Net demands2
Net Demands

x2

At prices (p1,p2) the consumersells units of good 1 to acquiremore units of good 2.

x2*

w2

x1*

w1

x1


Net demands3
Net Demands

x2

At prices (p1’,p2’) the consumersells units of good 2 to acquiremore of good 1.

w2

x2*

w1

x1*

x1


Net demands4
Net Demands

x2

At prices (p1”,p2”) the consumerconsumes her endowment; netdemands are all zero.

x2*=w2

x1*=w1

x1


Net demands5
Net Demands

x2

Price-offer curve contains all theutility-maximizing buy-sell grossdemands for which the endowment can be exchanged.

w2

w1

x1


Net demands6
Net Demands

x2

Price-offer curve

Sell good 1, buy good 2

w2

w1

x1


Net demands7
Net Demands

x2

Price-offer curve

Buy good 1, sell good 2

w2

w1

x1


Labor supply
Labor Supply

  • A worker is endowed with $m of nonlabor income and R hours of time which can be used for labor or leisure. w = (R,m).

  • The price of the consumption good is pc.

  • Let w denote the wage rate.

¾

¾


Labor supply1
Labor Supply

  • The worker’s budget constraint iswhere C, R denote the worker’s gross demands for the consumption good and for leisure. That is

¾

¾

{

{

expenditure

endowment value


Labor supply2
Labor Supply

¾

rearranges to

¾


Labor supply3
Labor Supply

¾

C

¾

slope = , the ‘real wage rate’

endowment

m

¾

R

R


Labor supply4
Labor Supply

¾

C

¾

C*

endowment

m

¾

R

R*

R

leisuredemanded

laborsupplied


Slutsky s equation revisited
Slutsky’s Equation Revisited

  • Slutsky explained that changes to demands caused by a price change can always be decomposed into

    • a pure substitution effect, and

    • an income effect.

  • This assumed that income y did not change as prices changed. But does change with price. What does this do to Slutsky’s equation?


Slutsky s equation revisited1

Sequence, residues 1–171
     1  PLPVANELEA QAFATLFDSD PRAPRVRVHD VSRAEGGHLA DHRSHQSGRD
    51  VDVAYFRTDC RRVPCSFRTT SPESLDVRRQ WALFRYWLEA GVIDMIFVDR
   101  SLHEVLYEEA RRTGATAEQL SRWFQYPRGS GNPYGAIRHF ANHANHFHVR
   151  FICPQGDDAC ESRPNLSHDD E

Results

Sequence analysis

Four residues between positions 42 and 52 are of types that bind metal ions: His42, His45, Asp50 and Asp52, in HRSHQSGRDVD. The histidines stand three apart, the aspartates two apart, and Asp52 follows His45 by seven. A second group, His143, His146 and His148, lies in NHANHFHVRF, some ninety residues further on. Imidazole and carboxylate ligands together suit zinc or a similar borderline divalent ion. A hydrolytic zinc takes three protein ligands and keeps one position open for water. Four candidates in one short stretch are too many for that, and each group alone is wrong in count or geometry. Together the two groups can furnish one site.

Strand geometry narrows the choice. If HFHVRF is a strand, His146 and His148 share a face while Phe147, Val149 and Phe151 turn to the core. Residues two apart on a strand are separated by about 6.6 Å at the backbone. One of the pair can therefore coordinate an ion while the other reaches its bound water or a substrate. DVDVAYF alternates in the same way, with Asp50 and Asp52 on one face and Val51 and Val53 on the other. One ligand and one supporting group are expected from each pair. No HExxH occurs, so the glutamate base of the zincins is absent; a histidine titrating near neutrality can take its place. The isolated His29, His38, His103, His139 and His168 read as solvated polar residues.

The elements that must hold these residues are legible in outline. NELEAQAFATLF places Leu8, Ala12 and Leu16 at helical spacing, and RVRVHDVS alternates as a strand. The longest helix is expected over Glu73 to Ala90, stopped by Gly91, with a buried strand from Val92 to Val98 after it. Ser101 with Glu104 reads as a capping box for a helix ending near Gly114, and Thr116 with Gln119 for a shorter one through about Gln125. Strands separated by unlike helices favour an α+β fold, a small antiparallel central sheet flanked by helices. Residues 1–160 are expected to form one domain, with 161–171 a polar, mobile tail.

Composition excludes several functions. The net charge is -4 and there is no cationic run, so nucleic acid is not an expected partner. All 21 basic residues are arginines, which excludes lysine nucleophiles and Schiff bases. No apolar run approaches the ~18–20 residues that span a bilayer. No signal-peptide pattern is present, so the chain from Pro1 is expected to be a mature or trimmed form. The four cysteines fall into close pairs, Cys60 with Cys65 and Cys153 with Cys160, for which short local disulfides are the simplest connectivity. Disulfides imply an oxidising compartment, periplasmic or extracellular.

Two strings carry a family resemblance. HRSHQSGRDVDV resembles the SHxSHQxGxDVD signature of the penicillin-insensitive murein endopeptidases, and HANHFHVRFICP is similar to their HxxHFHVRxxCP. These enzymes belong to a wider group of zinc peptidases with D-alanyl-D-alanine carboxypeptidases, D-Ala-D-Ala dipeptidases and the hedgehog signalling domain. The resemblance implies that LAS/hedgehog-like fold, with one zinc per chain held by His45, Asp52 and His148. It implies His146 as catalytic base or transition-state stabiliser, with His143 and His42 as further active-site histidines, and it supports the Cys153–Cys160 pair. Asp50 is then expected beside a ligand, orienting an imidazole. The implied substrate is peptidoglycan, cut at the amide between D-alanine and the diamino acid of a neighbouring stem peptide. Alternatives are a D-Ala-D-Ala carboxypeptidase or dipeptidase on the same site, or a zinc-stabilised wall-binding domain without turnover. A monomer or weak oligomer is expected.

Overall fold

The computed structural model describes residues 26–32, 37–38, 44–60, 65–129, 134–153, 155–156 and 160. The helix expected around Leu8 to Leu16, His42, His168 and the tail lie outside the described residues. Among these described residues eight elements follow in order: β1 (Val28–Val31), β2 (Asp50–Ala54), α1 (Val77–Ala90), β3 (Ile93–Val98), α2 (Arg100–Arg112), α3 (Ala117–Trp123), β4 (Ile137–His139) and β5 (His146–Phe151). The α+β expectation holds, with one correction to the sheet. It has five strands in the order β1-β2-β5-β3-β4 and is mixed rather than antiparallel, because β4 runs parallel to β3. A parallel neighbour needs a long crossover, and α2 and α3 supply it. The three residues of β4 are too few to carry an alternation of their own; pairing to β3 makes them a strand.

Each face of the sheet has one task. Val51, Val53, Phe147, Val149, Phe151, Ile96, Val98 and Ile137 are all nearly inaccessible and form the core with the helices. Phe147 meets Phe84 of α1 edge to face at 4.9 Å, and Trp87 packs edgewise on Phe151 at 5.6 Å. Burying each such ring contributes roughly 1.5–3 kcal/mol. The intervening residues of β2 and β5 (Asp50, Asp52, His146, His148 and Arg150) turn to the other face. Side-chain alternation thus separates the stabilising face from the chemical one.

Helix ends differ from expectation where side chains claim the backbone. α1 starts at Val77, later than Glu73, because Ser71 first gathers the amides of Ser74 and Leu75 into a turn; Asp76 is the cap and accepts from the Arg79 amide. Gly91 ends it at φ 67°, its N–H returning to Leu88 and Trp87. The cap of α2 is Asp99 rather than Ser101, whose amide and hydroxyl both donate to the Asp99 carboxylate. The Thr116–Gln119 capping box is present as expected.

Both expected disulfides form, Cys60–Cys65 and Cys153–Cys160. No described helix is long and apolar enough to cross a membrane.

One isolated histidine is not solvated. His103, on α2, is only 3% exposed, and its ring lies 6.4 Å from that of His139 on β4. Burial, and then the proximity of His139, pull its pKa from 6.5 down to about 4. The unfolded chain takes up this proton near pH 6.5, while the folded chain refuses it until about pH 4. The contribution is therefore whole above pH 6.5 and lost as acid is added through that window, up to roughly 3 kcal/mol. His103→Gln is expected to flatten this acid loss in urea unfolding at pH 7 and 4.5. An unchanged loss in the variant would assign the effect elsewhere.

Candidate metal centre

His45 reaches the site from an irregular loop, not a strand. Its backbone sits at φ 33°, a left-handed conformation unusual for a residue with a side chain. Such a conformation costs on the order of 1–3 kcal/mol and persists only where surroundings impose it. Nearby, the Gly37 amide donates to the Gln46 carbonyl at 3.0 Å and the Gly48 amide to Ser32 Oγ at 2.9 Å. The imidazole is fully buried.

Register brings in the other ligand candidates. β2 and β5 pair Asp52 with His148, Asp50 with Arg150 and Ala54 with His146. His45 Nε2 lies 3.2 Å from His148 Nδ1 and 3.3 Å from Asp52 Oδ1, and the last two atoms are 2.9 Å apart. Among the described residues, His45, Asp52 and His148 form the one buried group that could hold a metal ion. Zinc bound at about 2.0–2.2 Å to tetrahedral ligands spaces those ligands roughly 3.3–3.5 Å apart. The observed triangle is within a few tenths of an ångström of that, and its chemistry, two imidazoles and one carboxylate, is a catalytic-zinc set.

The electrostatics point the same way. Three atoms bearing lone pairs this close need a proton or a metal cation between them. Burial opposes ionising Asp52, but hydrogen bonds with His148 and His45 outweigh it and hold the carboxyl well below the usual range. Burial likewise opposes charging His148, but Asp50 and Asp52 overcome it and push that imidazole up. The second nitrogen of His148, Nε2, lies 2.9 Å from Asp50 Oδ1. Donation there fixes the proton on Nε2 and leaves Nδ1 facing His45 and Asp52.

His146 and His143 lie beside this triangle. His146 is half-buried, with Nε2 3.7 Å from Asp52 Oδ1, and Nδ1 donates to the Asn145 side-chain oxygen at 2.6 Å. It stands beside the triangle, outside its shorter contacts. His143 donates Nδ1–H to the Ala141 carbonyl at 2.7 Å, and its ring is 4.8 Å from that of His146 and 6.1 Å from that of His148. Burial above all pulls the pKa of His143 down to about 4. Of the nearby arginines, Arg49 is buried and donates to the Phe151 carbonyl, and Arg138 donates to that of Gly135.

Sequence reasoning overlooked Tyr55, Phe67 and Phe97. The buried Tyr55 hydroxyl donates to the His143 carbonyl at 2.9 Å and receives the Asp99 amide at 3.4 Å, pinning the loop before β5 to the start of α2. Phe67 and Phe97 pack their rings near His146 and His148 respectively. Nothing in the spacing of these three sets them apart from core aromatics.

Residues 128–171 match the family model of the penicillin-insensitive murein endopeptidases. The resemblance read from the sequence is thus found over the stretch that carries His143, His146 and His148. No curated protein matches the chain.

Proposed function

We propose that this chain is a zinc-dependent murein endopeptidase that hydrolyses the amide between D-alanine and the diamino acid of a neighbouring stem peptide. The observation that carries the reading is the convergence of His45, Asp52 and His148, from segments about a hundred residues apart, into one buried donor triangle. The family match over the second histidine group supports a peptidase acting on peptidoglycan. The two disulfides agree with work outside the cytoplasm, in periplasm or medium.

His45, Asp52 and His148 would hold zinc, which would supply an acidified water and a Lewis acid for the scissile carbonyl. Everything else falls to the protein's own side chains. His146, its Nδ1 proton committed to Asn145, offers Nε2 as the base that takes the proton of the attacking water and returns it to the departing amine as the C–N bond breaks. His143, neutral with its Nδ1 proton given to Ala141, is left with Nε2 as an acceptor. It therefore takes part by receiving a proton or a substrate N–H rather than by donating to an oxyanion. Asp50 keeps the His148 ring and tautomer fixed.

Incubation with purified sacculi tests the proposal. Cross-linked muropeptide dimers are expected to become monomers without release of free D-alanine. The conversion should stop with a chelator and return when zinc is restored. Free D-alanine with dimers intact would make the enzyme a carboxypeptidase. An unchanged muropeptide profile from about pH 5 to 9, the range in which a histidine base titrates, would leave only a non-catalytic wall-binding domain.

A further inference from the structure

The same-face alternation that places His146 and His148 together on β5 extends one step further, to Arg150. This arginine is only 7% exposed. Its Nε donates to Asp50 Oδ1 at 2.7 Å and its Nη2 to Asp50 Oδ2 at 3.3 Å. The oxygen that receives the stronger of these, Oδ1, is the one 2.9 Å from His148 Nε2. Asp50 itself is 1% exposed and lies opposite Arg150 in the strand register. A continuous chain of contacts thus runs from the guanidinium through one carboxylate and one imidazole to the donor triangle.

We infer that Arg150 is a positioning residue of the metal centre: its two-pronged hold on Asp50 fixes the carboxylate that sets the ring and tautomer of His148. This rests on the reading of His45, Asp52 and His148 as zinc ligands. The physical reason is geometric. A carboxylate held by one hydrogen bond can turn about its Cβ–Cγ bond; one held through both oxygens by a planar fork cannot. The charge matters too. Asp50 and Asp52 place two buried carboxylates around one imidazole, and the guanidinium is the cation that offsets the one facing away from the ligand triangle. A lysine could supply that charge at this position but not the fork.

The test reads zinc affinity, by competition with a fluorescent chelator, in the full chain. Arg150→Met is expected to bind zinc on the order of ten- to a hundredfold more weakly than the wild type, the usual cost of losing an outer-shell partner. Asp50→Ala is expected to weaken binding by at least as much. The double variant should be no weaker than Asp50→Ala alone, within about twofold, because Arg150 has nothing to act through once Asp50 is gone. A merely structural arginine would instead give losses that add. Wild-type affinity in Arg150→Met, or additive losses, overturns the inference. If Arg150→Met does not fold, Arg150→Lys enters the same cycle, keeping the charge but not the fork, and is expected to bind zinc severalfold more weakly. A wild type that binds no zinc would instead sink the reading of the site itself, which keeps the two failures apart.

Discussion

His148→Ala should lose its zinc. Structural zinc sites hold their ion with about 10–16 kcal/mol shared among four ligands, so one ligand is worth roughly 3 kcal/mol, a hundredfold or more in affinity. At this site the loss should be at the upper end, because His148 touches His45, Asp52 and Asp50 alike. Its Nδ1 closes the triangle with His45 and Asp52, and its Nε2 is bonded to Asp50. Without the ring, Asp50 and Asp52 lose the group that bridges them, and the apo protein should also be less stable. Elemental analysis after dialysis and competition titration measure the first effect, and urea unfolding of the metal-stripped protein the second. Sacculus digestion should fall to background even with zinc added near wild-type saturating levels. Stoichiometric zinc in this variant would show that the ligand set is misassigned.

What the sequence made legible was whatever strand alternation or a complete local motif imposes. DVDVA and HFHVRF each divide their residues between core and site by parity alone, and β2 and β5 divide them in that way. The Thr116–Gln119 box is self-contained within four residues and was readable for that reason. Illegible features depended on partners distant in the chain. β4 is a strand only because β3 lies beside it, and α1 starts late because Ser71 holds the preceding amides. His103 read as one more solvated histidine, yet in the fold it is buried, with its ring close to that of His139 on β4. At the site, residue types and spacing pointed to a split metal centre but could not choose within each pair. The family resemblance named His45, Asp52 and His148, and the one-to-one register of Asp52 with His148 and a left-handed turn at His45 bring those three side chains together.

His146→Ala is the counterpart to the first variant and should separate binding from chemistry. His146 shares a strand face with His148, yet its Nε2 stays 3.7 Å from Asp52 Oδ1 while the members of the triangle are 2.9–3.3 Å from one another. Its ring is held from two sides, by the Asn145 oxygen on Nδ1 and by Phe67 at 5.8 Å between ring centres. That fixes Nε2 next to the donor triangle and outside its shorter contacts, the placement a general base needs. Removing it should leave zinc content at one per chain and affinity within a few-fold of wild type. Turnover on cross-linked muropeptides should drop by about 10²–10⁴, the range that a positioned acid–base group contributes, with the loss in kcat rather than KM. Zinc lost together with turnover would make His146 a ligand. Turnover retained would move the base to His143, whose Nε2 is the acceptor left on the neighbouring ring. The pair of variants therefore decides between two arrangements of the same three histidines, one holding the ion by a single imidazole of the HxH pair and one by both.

Slutsky’s Equation Revisited

  • A change in p1 or p2 changes so there will bean additional income effect, called the endowment income effect.

  • Slutsky’s decomposition will thus have three components

    • a pure substitution effect

    • an (ordinary) income effect, and

    • an endowment income effect.


Slutsky s equation revisited2
Slutsky’s Equation Revisited

x2

Initial prices are (p1’,p2’).

x2’

w2

w1

x1

x1’


Slutsky s equation revisited3
Slutsky’s Equation Revisited

x2

Initial prices are (p1’,p2’).Final prices are (p1”,p2”).

How is the change in demandfrom (x1’,x2’) to (x1”,x2”) explained?

x2’

w2

x2”

w1

x1

x1’

x1”


Slutsky s equation revisited4
Slutsky’s Equation Revisited

Þ

x2

Pure substitution effect

w2

w1

x1


Slutsky s equation revisited5
Slutsky’s Equation Revisited

Þ

x2

Pure substitution effect

Þ

Ordinary income effect

w2

w1

x1


Slutsky s equation revisited6
Slutsky’s Equation Revisited

Þ

x2

Pure substitution effect

Þ

Ordinary income effect

Þ

Endowment income effect

w2

w1

x1


Slutsky s equation revisited7
Slutsky’s Equation Revisited

Overall change in demand caused by achange in relative price is the sum of:

(i) a pure substitution effect

(ii) an ordinary income effect

(iii) an endowment income effect


ad